• Among the sub-groups, Latina females were overwhelmingly the least satisfied with their bodies and were the most likely to report being bullied.
  • UYC still have goals of marriage someday and believe that pregnancies should be planned.
  • Programs and brands can connect with UYC by reflecting belief in self and supporting their dreams of success.

Along with these findings, ICT3 provides insights into the range of elements that impact and influence today’s youth:

  • Worldview – How youth of color see themselves in the world and interact with it;
  • Education – expectations and perception of quality of K-12 education, challenges to achievement, post-secondary aspirations;
  • Lifestyle profile – stressors, spirituality and more;
  • Intimate Relationships – views on relationships, sexuality, contraceptives and sources of information;
  • Usage and preferences across the full spectrum of media channels, including social media and online choices;
  • Money matters – financial literacy, saving for college and other goals, spending habits;
  • Definitions of family, community, friends and intimate partners;
  • Gender differences in achievement and behavior patterns among youth of color; and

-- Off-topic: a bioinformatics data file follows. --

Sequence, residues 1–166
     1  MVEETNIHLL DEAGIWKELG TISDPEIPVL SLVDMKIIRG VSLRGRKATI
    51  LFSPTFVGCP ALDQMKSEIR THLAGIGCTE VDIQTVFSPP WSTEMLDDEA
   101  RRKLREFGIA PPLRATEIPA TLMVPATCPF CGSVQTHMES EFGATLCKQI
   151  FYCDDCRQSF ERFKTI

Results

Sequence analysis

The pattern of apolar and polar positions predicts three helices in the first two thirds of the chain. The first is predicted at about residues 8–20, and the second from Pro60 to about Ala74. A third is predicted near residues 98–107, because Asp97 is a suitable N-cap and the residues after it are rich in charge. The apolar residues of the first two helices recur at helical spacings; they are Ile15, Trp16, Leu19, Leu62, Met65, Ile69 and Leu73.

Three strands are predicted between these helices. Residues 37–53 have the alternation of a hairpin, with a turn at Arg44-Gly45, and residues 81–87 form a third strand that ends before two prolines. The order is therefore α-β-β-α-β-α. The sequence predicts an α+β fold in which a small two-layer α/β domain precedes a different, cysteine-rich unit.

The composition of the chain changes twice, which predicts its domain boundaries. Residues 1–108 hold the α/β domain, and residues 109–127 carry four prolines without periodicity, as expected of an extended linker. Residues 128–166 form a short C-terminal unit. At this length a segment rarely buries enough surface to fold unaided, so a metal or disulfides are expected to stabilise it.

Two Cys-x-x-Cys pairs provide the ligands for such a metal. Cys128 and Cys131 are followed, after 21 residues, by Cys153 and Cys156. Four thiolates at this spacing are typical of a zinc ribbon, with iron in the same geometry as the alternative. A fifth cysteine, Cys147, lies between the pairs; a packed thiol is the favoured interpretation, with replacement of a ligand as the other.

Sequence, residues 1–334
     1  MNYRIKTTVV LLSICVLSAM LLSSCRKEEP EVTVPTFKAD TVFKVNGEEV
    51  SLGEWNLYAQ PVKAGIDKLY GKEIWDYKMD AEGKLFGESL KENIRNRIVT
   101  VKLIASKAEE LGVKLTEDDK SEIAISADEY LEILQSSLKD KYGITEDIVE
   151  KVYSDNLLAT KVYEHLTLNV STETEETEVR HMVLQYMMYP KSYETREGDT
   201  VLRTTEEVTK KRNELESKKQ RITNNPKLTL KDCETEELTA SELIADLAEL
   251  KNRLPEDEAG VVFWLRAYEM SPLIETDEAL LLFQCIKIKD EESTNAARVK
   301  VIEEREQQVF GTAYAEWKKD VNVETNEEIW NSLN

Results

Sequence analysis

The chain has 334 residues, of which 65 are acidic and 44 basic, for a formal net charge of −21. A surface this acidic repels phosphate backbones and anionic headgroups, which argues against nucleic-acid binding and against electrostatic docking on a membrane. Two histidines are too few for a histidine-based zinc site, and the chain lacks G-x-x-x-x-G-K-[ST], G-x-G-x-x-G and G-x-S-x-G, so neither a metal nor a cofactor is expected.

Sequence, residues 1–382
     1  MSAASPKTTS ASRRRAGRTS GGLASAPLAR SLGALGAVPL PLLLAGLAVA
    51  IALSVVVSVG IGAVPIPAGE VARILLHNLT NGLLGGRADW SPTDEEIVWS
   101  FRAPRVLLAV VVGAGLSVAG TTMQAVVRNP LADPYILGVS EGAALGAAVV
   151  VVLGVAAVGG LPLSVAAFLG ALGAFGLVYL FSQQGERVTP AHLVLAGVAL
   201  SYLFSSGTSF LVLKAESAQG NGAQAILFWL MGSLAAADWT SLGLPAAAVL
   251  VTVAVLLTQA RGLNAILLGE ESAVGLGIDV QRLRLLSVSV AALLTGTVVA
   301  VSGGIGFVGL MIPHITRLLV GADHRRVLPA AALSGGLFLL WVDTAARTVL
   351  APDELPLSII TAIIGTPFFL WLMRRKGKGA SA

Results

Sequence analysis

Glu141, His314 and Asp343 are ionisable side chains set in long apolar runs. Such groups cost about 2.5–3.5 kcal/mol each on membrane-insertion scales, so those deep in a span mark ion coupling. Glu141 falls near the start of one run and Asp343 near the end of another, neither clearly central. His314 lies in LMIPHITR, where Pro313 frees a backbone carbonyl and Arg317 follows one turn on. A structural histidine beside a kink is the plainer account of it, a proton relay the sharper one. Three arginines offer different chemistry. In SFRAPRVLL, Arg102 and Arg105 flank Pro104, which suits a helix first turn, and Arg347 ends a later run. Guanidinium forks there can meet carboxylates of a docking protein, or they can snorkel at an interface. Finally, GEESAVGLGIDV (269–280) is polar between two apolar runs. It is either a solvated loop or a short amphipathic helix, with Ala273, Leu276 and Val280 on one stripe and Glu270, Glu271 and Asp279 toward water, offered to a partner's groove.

• Goals, values, fears, morality and aspirations of today’s youth of color.

Survey sponsors included The California Endowment, The Advancement Project, The United Negro College Fund and The National Campaign to Prevent Teen and Unplanned Pregnancy (NCPTUP). “Once again, MEE gives us insights into a group of young people whose views are critical, but are either misunderstood or absent from larger national conversations about the issues that affect their lives,” said Marisa Nightingale, Senior Media Advisor at NCPTUP. “The ICT3 survey findings make it clear that urban youth of color have goals and aspirations that are quite similar to those held by youth from other backgrounds. This clear look into the lives of urban youth of color will inform and inspire those who are working to improve the lives of all young people for years to come.”

The project included an expert advisory panel made up of a dozen esteemed thinkers and doers across various fields and industries. The panel helped fine-tune the ICT3 research design, survey questions/content, data analysis and will support research dissemination in communities across the country.

About MEE

MEE Productions Inc. ( is an internationally recognized research, communications and advertising firm that develops research-based, market-driven solutions for issues facing urban and low-income populations living in at-risk environments. Headquartered in Philadelphia, the firm has satellite offices in Atlanta and Los Angeles. MEE’s proprietary research methodologies, award-winning media productions and innovative social marketing meet the changing yet urgent needs of underserved, low-income and urban populations around the world.

Visit us on Facebook for more information about ICT3 and other MEE projects.

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William Juzang